You put all those together, now your TH2 system has a chance to really kick butt and do its job. There’s also poor microbiome function. The microbiome is huge. Without getting into it in any great length, I mean microbiome is like… They did the microbiome project from 2005 to 2010. I mean, when you have bad microbiome, bad, you are not going into remission. That’s not happening. Okay. That’s the three to five pounds of bacteria that are in your large intestines, and some in your small intestines. There’s stress, the microbiome is huge. The plasticity of your immune system, and there’s more. The idea that I want you to get is you have to take care of yourself. You have to be in a good spot. Then what will happen is, maybe you’re in a good spot, and you’re in remission.

Then something happens. Right now, it could be that you got COVID. You’re hearing about all these long COVID patients. These people, I will guarantee you, you’re going to find out most of these people either have developed autoimmunity because they had the genetics to do so, or they had autoimmunity, were in remission, and the virus kicked it out. There are 40 some triggers that can trigger you out of remission if you have Hashimoto’s thyroid disease. I think COVID is going to become another one. Just my opinion, based on observations I’m seeing here in the office. You can have a stress. You you can have an overwhelming infection. You get a viral infection like COVID, you have pneumonia, something like that. You could have a stress, you could just have a big stress.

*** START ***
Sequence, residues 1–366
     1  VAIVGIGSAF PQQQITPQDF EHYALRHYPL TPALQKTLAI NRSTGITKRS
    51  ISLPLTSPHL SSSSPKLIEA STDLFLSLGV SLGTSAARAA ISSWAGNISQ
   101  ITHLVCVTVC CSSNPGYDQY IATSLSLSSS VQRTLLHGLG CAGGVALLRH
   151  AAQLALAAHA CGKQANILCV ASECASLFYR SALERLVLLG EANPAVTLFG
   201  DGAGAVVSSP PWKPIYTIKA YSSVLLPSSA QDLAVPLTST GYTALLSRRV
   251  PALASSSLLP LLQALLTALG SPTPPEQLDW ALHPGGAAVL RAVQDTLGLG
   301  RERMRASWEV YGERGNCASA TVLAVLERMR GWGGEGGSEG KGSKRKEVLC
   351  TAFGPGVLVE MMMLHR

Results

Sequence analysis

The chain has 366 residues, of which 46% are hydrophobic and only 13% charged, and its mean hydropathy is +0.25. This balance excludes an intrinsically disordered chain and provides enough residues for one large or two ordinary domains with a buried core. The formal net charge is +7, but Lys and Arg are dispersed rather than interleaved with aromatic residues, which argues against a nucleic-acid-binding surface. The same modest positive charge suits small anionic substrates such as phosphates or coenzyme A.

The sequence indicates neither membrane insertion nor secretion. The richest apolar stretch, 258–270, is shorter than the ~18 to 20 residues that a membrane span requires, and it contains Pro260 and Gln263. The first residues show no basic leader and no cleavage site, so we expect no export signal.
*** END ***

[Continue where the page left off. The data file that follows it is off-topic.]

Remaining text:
I mean, something… You have a great marriage, everything’s going, you’ve been married forever. All of a sudden, something happens to your spouse, and all of a sudden you’re stressed out of your mind. Or some big financial thing hits you, that’ll trigger it. So it could be a trigger. It could be a surgery. A surgery will create massive amounts of cortisol going through your system, even though you’re under anesthesia. That can trigger it. Any type of surgery can trigger it. I had to have my teeth done. That’s surgery, and so it set me off for a little bit. For those of you who may not know, I have Hashimoto’s. It’s accidents, like a fall, or you break your arm, or you get in a car accident. Or you do something where you’re like, “Now I’ve got whiplash, and it’s not going away.” That will set, because that creates inflammatory responses also.

I think the two biggest ones are stress, and then having a child. A person’s going along just fine. Maybe they had rheumatoid arthritis. Maybe all of a sudden they were in remission. Now they have a child. Boom. They have Hashimoto’s, maybe they didn’t have Hashimoto’s. Maybe they’ve got a mom and a dad… Maybe they have a dad. Maybe they have a mom and a sister and an aunt that have thyroid disease. They have a baby. Everything goes south. Their hair starts falling out. Their heart starts palpating. They start getting anxiety. They start getting constipation, dry skin and all that type of stuff. They go to 86 different doctors. Everything’s normal. They come in. We look at them and go, “When did this happen?” They go, “Well, you know what? Since I delivered my second child, my health has been going downhill drastically.”

I will tell you right now, that person, there is probably a 90% chance or more that they have developed in immune [inaudible 00:07:09] or thyroid. Those are triggers. Yes, it really just part of the clinical picture of autoimmunity in general. It’s also specifically a part of the clinical picture of Hashimoto’s, that you can go in and out of remission. Obviously, when the patient shows up here, they are now out of remission, and they’re not figuring out how to get back into remission. That’s the short answer and the long answer on can Hashimoto’s go into remission.